The Green Parent

By The Green Parent

13th September 2017

Emine Saner explores the happiness principle with Gretchen Rubin and discovers the four tendencies that are likely to make us more or less happy.

The Green Parent

By The Green Parent

13th September 2017

The Green Parent

By The Green Parent

13th September 2017

In the often-woolly world of personal development, Gretchen Rubin is a practical and grounded sort. She doesn’t even – shock – like meditation. Rubin has spent the past decade researching and writing about happiness. A former lawyer, it was her fifth book, The Happiness Project written in 2009 – for which she spent a year testing different theories about how to live a more fulfilled life – that became a bestseller and made her a star of the self-help world (she also runs a popular blog and podcast).

Her latest book, The Four Tendencies, develops ideas first explored in 2015’s Better Than Before, in which she looked at how happiness and habits were linked. “[People] wanted to run,” she says, “but for some reason they couldn’t make themselves exercise. Or they wanted to write a novel in their free time, but somehow they weren’t doing it. It was trying to figure out why people did and didn’t break habits.”
She came up with her own personality framework – the idea being that each of us fits into one of four characteristics she calls the four tendencies. Rubin claims it explains the reasons behind why we do what we do, based on how different people respond to expectations – either outer ones (from, for example, a boss at work) to inner ones (things you want to do for yourself). According to Rubin’s categories, “upholders” easily do what is asked of them by themselves and others, while “obligers” need accountability. “Questioners” need to know why they’re doing something and “rebels” resist expectations. She says she truly felt that “I’d uncovered a law of nature: human nature”.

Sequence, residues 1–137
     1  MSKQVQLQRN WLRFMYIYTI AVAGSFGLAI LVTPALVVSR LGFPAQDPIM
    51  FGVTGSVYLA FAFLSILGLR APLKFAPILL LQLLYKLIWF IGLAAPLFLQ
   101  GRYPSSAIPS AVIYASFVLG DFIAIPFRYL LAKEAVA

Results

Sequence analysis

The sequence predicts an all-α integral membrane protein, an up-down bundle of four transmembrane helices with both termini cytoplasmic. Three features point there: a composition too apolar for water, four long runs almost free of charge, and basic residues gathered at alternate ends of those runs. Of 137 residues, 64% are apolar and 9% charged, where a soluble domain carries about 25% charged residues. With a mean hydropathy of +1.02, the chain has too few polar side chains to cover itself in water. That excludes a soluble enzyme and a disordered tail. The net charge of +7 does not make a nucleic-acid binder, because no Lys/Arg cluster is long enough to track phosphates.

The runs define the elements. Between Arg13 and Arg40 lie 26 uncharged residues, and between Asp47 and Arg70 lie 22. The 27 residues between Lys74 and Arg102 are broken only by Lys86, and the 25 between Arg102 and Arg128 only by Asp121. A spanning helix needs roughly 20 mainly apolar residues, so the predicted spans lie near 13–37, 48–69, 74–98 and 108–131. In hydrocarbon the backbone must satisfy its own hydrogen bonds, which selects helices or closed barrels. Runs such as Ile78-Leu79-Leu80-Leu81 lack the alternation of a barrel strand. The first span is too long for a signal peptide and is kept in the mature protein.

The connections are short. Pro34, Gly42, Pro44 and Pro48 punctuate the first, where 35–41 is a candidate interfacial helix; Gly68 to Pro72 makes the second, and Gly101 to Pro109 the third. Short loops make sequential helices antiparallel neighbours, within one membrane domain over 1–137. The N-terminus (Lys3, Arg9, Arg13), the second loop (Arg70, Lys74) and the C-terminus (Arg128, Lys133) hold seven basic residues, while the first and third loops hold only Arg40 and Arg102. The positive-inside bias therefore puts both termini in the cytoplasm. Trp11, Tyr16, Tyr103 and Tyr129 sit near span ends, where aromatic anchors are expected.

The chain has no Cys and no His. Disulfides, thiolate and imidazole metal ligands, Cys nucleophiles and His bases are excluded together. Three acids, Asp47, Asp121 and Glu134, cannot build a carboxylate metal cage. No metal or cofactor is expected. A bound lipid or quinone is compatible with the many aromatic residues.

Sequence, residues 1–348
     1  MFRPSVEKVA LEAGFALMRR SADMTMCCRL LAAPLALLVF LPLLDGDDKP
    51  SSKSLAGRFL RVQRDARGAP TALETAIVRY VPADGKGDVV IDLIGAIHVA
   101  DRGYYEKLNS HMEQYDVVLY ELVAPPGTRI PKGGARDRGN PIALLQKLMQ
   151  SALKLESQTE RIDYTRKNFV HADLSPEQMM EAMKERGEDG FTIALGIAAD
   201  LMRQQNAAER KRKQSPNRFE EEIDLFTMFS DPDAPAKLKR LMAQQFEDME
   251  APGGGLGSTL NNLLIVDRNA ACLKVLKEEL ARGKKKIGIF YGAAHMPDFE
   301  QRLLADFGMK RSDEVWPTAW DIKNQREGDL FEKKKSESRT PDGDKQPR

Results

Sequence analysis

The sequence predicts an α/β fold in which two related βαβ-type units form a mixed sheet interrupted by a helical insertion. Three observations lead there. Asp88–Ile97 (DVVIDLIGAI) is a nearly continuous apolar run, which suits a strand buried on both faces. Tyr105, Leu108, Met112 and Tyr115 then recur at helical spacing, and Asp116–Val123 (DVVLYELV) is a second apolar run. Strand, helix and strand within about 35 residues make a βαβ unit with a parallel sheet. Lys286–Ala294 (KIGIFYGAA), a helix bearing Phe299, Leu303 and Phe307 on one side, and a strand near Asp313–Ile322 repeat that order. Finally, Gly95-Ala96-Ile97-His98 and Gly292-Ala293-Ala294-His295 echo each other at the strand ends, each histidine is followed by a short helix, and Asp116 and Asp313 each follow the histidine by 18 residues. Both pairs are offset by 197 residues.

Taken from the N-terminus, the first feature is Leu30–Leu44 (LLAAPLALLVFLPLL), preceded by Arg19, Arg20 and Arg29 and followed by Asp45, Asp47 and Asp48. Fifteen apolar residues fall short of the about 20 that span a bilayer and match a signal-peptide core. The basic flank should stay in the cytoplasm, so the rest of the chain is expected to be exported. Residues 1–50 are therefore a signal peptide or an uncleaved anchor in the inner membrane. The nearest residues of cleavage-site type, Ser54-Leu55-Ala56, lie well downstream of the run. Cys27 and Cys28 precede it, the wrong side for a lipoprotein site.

The biggest thing she has learned in more than a decade of thinking and writing about happiness, she says, is that “there is no one-size-fits-all solution. We can only be happy, healthy, creative and productive if we take into account our own nature, our own values and interests. The question is: what kind of person am I, what works for me, what do I care about?” Even so, Rubin is game for creating rules and lists (she’s an upholder). What, then, are some of the things she has learned on her quest for a happier life?

In The Happiness Project, Rubin created “12 commandments” by which to live her life, including “act the way I want to feel” and “enjoy the process” – but she stresses that someone else’s list will probably be different. “My first personal commandment is to ‘Be Gretchen’, because in the end there is no one best practice, there is no best way,” she says. “When I started, I thought I would find the secret [to happiness]. There are universal things – relationships make people happier. But in terms of should you get up early, or stay up late? Are you more creative if you’re in a messy environment or a simple environment? It’s so much about who you are.”

Test Yourself

A 2009 study by San Francisco State University found that learning to do something new could be stressful and frustrating to begin with, but paid off in terms of greater overall happiness. “I thought ‘oh no, I like familiarity and mastery’,” says Rubin. “I just felt like it wouldn’t be true for me, but I have become a huge believer in the power of novelty and challenge and how this is a big engine of happiness.”

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